Saturday, January 27, 2007


Anthony Braxton was one of the many reasons I decided to return to college in the late 90s after being more or less out of the academic groove for six years or so and transfer to Wesleyan University and majored in music. When I learned that Braxton taught in the music department, I figured something special must be happening there. Over the years I heard that Ed Blackwell, the legendary drummer for Ornette Coleman, taught there as well (though he had recently died). Then I read that John Cage had taught there decades ago, and I learned about the ethnomusicology department, about the gamelan and the South Indian and West African master musicians. I was also drawn to the place because of their fine university press, which published the work of the amazing poet Heather McHugh. All this together got me pretty excited about the place.

I sort of kick myself for not ever playing in any of Braxton’s student ensembles while I was there, but I only had two years and I got wrapped up in other things – Malian music, Brazilian samba and South Indian solkattu and mrdangam drumming. There were only so many mind-boggling systems to barely grasp at a time. Anyway, I did take a class on the history of the saxophone with Braxton and I also took an opera class that he co-taught (Braxton has composed his own opera, and you’ll be happy to learn that he’s a big Wagner fan and buff.) And I was friends with a few people who played in Braxton’s ensembles, one of my neighbors toured and recorded with the group, so I sort of got a little tutorial in some his compositional/performance approaches. He has these legendarily enormous books of compositions, some of which are named by numbers, some with strange science-diagram-like drawings, and he also has this numbered system of stylistic instructions that correspond with certain dramatic ways of approaching and shaping notes – drastic dynamic attacks, pointalistic phrasing, extreme staccato. If you’ve ever seen a Braxton group performance, he can conduct using unorthodox hand signals, cuing the entire group to switch "styles," and sometimes signaling parts of the group to change compositions. It’s wonderfully chaotic but with pockets of highly ordered playing. I once saw him conducting his large ensemble when he did this kind of move like a football referee holding his arms up to signal a touchdown, only Braxton had his elbows bent, and slowly he turned his to arms one side so they were diagonal to where they had been and approaching being parallel with the floor. As he did, the entire group changed – it was as if everyone bent their note or slowed down or something, but it seemed as if Braxton, in mad scientist/high priest/conjurer mode, had affected some sort of space-time shift in the performance.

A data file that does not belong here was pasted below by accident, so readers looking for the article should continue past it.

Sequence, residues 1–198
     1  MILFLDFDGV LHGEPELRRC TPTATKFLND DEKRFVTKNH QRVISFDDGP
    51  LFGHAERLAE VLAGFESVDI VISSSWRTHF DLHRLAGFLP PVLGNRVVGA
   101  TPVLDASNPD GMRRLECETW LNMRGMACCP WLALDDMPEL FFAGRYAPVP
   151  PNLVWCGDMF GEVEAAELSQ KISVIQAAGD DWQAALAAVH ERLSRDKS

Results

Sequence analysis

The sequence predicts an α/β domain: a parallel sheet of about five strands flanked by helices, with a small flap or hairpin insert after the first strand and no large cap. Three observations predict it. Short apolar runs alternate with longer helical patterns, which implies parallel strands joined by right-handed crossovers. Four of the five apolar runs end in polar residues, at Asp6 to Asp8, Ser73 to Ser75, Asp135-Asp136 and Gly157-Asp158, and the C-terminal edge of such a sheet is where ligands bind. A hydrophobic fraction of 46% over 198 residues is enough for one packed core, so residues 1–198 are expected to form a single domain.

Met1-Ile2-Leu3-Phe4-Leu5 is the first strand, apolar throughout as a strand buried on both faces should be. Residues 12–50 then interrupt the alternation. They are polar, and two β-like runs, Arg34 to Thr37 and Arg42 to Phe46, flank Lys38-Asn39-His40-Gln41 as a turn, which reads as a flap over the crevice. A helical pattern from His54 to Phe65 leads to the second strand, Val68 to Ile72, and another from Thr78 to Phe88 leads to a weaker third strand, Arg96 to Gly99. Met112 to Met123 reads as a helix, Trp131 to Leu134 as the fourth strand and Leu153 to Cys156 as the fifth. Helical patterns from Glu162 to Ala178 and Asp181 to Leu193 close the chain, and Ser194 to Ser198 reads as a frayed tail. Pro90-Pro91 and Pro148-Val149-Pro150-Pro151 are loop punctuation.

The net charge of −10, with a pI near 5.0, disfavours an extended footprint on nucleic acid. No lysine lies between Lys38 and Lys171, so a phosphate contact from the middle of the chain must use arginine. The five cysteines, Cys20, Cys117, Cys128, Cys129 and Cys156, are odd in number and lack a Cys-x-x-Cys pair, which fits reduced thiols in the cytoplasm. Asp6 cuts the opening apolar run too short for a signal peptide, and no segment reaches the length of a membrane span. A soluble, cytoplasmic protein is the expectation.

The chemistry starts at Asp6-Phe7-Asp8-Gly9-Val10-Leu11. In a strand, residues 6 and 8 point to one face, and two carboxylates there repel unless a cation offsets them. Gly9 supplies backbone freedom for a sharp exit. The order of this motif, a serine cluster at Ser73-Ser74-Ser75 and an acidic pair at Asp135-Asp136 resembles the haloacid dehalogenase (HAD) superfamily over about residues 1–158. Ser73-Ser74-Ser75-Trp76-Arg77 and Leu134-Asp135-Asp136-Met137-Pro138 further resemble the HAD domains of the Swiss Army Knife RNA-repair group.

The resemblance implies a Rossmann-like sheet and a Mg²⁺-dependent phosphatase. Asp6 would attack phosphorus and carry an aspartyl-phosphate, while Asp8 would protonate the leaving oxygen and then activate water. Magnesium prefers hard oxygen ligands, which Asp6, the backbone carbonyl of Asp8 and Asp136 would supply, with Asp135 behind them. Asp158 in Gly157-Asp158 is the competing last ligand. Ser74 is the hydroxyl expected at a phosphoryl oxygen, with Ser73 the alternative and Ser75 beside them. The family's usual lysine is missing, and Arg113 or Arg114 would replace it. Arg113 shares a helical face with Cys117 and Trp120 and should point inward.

At other times Braxton’s performances can have the air of that Will Farrell skit on SNL in which the fashion designer breaks out the cell phones of different sizes. Braxton will trot out the tiniest little horns that make dog whistle sounds and then he’ll roll out these enormous contra-bass, ultra-low sax clarinette tuba contraptions. It’s the wonderful mix of supercilious high art attitude and the element of potty humor submerged in the preference for barking flatulent sounds that makes the scene so rich.

I got an e-mail from Lefty requesting a post with a few choice Braxton tracks. I’ve got some of his later Ghost Trance stuff on disc, and on vinyl I’ve got some the great mid-70s stuff on Arista which earned him a few awards and also the reputation for being the next Ornette Coleman or the next Charlie Parker, whichever you prefer. There’s one tune that is especially brilliant - it’s sort of a jumble of John Philip Sousa and Sun Ra and Stockhausen: outer space marching band music for the end of time. I’ll have to dig that one out of the stacks and convert to MP3. In the meantime, here are two choice jams. Each, actually rare and out-of-print on disc, as well. The first is from a live concert in ‘75 at Montreux with Kenny Wheeler on trumpet, Dave Holland on bass and Barry Altschul on drums. It’s called "Kelvin G," which I always figured would be the named I’d adopt as my quantum physics/mystic/ambient-hip-hop persona.
The second is "Composition No. 40G" from the record Six Compositions: Quartet, which has Ed Blackwell on drums. And which, I learned from looking at Amazon, is now going for $100.

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